One challenge associated with the Industrial Internet of Things (IIoT) is a clear agreement on its definition. Some claim an IoT device is any one that can connect to another using Internet protocol (IP), which explains the enormous number of IoT-enabled devices claimed in most market forecasts. They agree that compound annual growth rates (CAGR) for IoT approach 20% per year. However, as with many sectors relying on semiconductors, supply chain issues reveal constraints on adoption of IoT and IIoT.
Some constraints include disagreements about how to aggregate and gather signals, so they can be used. No official international standard exists. Currently, we have both ends of a connection, where sensors send IP packets and cloud services collect/store the data. However, the challenge continues to be in the middle, getting data from points A to B.
As previously stated here, without a common language (protocol), one set of packets can’t be differentiated from another in a useful way. The leading technology in this space is quickly becoming message queuing telemetry transport (MQTT) due to its light technical requirements and low overhead. MQTT has become the de facto standard for the cloud-based SCADA market when bandwidth is a serious constraint.
Sparkplug B, a specification that defines how data is sent and received, is frequently paired with MQTT. Both standards are being developed and maintained by the Eclipse Foundation (eclipse.org), which aims to provide a scalable and business-friendly environment for open-source software collaboration and innovation. The organization is also working to have its documents adopted as ISO standards.
Meanwhile, the most common method for getting from points A to B via IoT is Wi-Fi. However, Wi-Fi is generally only good for relatively short distances to either access point(s). From there, messages are aggregated onto an alternate carrier, perhaps with some intelligence to reduce required bandwidth.
Several surveys about IoT connectivity that include other short distance carriers such as Bluetooth report they aren’t feasible for the longer distances typically required of IIoT. Even though IoT surveys indicate that Wi-Fi and Bluetooth make up about half the connectivity market for IIoT, the real players are cellular—including 5G permutations—and low power wide area networks (LPWAN). Low earth orbit (LEO) satellites are a potential dark horse in the race.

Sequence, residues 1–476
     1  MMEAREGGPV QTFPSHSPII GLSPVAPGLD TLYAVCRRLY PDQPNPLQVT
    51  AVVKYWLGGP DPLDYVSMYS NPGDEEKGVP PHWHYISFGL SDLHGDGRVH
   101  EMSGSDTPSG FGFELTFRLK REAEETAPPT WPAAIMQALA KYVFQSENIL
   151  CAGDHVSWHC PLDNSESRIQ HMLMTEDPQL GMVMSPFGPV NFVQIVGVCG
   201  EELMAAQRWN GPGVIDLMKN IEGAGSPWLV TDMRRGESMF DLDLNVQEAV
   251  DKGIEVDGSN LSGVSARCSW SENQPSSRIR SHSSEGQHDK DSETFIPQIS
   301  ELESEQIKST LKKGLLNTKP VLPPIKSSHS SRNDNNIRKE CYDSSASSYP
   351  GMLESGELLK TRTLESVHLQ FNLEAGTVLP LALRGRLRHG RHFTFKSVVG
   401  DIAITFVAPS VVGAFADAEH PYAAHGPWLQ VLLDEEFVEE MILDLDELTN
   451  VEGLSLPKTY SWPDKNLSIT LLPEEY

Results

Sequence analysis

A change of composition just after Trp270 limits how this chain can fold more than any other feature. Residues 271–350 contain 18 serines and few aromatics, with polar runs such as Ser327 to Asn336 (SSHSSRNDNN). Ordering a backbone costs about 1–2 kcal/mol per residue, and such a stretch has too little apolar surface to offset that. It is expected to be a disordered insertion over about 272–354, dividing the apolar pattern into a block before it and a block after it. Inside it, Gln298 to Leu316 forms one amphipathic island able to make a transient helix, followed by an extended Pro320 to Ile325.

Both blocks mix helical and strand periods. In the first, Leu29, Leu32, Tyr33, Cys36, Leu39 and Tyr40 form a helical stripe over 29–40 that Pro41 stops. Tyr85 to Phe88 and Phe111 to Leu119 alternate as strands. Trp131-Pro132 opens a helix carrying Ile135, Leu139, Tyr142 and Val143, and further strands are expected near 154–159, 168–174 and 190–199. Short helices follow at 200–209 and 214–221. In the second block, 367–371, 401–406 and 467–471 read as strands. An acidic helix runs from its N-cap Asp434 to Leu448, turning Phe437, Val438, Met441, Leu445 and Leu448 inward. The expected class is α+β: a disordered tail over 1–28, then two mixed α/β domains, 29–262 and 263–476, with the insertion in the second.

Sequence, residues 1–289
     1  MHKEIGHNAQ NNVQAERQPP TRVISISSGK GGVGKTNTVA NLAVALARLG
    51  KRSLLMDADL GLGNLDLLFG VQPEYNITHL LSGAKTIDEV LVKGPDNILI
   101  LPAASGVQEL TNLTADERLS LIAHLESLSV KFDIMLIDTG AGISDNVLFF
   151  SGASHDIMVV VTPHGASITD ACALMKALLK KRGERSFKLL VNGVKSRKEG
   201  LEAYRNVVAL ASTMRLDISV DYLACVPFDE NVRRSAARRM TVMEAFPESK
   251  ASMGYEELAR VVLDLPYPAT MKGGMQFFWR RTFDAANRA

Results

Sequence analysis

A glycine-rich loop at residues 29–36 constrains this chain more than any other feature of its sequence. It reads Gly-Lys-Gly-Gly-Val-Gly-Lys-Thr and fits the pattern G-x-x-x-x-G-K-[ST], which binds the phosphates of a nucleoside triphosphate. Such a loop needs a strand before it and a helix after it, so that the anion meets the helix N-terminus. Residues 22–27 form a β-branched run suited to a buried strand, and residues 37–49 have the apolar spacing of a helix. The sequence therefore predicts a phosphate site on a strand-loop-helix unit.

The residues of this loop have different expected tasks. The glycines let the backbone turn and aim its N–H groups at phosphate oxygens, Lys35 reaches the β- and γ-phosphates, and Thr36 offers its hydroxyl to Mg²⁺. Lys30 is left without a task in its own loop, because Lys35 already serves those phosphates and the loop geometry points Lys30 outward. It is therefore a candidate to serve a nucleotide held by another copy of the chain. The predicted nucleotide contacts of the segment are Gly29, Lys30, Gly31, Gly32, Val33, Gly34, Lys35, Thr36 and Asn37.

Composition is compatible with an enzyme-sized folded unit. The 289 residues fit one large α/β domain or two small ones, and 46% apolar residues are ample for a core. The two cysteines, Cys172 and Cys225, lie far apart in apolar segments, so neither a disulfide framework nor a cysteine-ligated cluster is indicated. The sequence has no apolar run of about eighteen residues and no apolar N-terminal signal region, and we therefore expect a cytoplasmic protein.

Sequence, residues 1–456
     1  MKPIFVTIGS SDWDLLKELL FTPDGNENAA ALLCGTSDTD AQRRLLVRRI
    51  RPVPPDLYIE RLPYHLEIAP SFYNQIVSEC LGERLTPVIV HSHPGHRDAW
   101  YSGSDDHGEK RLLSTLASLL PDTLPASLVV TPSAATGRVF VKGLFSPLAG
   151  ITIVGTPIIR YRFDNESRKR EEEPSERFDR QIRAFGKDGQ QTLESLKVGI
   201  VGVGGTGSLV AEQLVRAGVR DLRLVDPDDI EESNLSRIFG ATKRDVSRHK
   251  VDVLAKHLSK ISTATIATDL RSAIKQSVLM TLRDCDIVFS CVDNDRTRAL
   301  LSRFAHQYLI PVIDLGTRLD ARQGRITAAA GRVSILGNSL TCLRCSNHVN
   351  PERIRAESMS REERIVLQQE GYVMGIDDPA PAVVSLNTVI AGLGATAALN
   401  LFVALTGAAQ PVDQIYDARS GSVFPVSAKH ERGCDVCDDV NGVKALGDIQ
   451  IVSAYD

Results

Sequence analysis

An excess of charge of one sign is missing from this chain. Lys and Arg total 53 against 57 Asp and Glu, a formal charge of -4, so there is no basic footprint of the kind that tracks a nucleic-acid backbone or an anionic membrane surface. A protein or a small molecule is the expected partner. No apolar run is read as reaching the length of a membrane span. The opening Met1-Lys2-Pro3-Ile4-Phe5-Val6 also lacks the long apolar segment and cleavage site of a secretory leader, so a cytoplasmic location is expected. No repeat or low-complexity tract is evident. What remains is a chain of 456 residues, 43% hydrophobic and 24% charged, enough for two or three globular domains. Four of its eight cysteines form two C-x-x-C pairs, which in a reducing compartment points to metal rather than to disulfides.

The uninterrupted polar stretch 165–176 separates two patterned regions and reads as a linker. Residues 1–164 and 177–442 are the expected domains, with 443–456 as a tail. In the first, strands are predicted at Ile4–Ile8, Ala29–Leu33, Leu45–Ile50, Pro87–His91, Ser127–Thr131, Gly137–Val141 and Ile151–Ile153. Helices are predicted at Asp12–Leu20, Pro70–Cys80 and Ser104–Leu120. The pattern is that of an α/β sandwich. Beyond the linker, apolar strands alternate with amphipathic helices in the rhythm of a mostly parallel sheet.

Key factors to consider when selecting an IIoT long-distance solution are price and reliability. When available, cellular has coverage, particularly for IIoT devices that tend to be stationary, but come with the costs of services and associated supporting infrastructure that cellular players provide. LPWAN costs less but relies more on the organization using the network for support. LPWAN also has several competing standards, particularly LoRaWAN and Sigfox. LEO systems are a blend of cellular and LPWAN with a combination of support such as cellular.
One issue that could become a factor in the IoT/IIoT space that also compounds the supply chain issue is the pending “chip source dispute” between China and the “five eyes” countries (U.S., U.K., Canada, Australia and New Zealand), which maintain a signals intelligence alliance and monitor electronic communications. Based on my experience with international standards, China, as documented in its five-year plan, wants to be a leader in IIoT, which includes providing of many of the chipsets used in IoT devices. Both sides in this discussion don’t want to use the other’s chipsets for fear of backdoors and cybersecurity risks.
Maybe we’re making this more difficult than necessary. There are a lot of automation professionals familiar with SCADA technology, including selecting network technology, protocols and cybersecurity. Of course, they’re also familiar with integrating potential IIoT signal types, while also supporting geographically distributed signals across large areas, which sure sounds a lot like SCADA to me.